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Roy Wilson: Will the world as we know it end with an extra 14 days?

Roy Wilson, a Conservative activist with professional experience in law and security, asks why Eliza Manningham-Buller and others see 42 days detention as so different in principle to 28 days.

Baroness Manningham-Buller, former head of MI5, was said to have very much helped Davis in his campaign for the rejection of 42 days detention, by her speech to the House of Lords when she stated that someone detained for 42 days, an increased from 28 days, would not or might not get a fair trial because of the extra days under the proposal and that she was against it.  Yet many are charged and in custody for many months before their trial is heard.

An example: Yasin Omar was arrested on the 27th July, 2005 suspected of terrorist offences together with five others. Charged ten days later and detained in custody till trial.  Trial 28th August 2006. Pleaded not guilty; detained in custody; trial adjourned and completed 9th July 2007 - nearly two years later.  Found guilty, sentenced to life.  As far as I am aware she didn't complain that he and his accomplices did not receive a fair trial (although to be fair the judge did complain that it took too long to be concluded).

Libertarians expel much hot air on telling us that we are draconian in detaining prisoners without charge and no other country does it. In Italy, three suspects have been detained without charge since last November, believed to have been implicated in the murder of the British student Miss Kercher.  Next September the prosecution will ask the presiding judge to have them charged. They will either be charged or released after at least nine months - if charged the case will not be held till next year.  On the former head of MI5's reckoning: it wont be a fair trial.

When Tony Macnulty said that Manningham-Buller did not have any experience of interrogating suspect terrorists he was correct - it was not her job. Two other former members of M15 have disagreed with her, but have not received the same publicity. On 10th September 2005, she spoke to an audience in the Netherlands about the 7/7 London bombings. The whole speech is an interesting read. Below are a couple of paragraphs taken from the speech - not in sequence:

“I think that this is a central dilemma, how to protect our citizens within the rule of law when intelligence does not amount to clear cut evidence and when it is fragile. We also, of course, and I repeat in both our countries and within the EU value civil liberties and wish to do nothing to damage these hard-fought for rights. But the world has changed and there needs to be a debate on whether some erosion of what we all value may be necessary to improve the chances of our citizens not being blown apart as they go about their daily lives. Another dilemma.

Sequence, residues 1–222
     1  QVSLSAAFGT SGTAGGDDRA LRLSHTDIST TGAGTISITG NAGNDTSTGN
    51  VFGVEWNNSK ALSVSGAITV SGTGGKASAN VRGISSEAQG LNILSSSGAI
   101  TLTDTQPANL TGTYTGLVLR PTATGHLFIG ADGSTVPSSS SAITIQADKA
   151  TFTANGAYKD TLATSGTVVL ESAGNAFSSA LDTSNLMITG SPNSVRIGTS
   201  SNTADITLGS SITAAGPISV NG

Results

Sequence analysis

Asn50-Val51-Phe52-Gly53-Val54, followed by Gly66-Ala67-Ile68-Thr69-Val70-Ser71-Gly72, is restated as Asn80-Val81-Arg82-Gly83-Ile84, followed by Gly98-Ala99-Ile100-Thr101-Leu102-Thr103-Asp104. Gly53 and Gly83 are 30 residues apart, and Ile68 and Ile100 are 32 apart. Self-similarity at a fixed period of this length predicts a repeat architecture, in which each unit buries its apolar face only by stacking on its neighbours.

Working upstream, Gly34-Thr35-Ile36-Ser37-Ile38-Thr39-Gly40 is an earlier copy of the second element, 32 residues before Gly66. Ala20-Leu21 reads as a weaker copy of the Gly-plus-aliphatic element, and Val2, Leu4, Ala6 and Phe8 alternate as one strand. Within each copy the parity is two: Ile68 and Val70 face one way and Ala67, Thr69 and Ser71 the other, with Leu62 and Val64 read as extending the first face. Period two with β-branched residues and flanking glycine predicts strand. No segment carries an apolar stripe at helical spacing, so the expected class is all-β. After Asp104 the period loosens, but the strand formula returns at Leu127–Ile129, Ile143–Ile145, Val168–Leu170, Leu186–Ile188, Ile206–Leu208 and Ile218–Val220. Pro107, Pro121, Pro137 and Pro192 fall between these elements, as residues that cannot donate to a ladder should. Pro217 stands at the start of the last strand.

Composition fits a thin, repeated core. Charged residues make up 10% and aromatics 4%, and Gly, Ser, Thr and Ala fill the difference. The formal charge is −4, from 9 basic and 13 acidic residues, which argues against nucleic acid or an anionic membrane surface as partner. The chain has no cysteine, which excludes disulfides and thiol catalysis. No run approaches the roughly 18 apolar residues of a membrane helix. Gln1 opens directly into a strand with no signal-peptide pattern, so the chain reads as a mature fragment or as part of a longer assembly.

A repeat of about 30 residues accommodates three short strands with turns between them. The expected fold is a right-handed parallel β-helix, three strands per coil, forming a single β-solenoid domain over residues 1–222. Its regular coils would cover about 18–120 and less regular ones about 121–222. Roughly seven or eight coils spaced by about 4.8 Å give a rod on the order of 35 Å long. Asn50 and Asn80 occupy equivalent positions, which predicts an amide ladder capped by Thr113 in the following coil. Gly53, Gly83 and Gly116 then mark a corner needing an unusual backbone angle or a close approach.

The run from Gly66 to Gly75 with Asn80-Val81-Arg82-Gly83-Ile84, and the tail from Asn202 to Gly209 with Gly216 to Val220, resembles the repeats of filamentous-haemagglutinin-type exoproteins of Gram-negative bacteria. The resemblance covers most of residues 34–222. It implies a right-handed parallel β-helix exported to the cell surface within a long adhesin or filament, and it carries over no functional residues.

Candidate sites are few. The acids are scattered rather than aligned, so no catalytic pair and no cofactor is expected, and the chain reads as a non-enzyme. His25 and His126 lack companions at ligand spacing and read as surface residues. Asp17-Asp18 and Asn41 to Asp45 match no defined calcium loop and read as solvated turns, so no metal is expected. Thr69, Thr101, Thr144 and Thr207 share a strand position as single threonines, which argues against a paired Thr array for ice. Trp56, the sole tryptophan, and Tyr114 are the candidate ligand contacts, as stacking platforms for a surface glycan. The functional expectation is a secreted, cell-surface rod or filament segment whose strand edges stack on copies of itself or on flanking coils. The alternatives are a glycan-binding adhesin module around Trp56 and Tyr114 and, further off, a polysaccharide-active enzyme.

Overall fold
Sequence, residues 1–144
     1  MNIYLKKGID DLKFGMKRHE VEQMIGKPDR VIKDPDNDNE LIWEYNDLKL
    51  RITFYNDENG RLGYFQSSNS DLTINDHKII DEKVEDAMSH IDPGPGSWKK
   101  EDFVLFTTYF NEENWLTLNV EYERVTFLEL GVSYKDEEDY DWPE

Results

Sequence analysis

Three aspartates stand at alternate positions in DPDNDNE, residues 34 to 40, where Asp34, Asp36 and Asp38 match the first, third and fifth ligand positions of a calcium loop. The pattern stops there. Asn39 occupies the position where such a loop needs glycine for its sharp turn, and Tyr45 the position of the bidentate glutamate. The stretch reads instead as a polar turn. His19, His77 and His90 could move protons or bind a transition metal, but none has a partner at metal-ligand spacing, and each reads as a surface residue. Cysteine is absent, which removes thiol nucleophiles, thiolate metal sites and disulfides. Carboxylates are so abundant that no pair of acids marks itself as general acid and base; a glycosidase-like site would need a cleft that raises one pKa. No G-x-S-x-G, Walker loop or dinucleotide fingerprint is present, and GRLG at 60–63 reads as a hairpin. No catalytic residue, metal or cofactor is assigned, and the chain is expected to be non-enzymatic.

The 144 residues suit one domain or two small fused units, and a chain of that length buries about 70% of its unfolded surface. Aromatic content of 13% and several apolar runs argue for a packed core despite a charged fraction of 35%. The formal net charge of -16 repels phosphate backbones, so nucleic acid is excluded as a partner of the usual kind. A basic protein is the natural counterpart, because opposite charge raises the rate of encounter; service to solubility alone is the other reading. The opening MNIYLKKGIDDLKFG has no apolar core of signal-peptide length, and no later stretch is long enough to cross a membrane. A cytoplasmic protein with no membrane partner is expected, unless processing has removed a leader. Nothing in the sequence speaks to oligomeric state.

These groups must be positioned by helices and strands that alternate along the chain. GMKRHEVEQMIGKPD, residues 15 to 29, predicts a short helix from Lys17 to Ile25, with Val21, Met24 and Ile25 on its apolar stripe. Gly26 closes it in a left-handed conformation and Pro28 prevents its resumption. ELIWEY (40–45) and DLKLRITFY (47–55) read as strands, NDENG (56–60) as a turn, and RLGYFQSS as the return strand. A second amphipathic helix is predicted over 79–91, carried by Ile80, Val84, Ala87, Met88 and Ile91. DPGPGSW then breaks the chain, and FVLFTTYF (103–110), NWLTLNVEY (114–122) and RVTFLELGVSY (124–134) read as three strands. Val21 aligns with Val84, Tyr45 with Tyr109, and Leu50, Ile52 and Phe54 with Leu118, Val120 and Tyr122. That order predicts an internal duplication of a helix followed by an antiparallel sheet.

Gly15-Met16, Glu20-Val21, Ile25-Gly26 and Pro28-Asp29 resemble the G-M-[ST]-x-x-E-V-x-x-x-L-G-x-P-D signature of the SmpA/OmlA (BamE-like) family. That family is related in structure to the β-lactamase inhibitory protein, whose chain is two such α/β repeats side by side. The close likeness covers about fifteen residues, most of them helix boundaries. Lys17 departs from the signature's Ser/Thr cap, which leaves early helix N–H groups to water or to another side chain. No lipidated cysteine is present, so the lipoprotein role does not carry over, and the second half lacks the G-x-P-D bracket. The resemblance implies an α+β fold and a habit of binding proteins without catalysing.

The attacks in London were a shock, and my Service and the police were disappointed that we had not been able to prevent them. But we were not altogether surprised because of our understanding of the threat which is what I wish to discuss next, although in some ways it feels unnecessary to describe it. We have seen so many manifestations of it both before 9/11, for example in Nairobi and Dar es Salaam, and since then in Casablanca, Madrid and Bali and many other places as well of course as here in the Netherlands.

It is also important that governments ensure intelligence and security agencies and the police have appropriate and effective legal powers and the resources to maximise the chances of success. My government has given to my Service and the police very public support since the attacks, understanding as it does that there is no such thing as complete security."

However, she is not now supporting police in the request for an extension of detention.  It would appear in her opinion that the difference between 28 days and 42 days cannot be bridged without being accompanied by radicalisation and leading to an unfair trial.

On the 21st October 2005 she appeared before the law lords: they wished to investgate how intelligence was derived from abroad.  Amnesty accused the Government of "going soft" on torture after the court evidence was given by the head of MI5.   The statements of Manningham- Butler are reported by the BBC:

"Eliza Manningham-Buller does not specifically mention torture in a statement to the law lords about using intelligence information from overseas. But she says: "Experience proves that detainee reporting can be accurate and may enable lives to be saved."  By detainee she means a prisoner detained in a foreign country.  She stated she believed that such evidence saves lives.  She gave as an example the racin plot.  "In any event, questioning of Algerian liaison about their methods of questioning detainees would almost certainly have been rebuffed and at the same time would have damaged the relationship to the detriment of our ability to counter international terrorism."

Again, read it all.  I am surprised she does not support the 42 days after her robust stance to the questioning by the law lords.

Finally, we have heard much of Brown "corruptly buying" the vote on 42 days.  Are we to believe that the whole of the Tory party, apart from the one retiring, were all of one mind in voting against this security measure and no-one had any doubts or misgivings?


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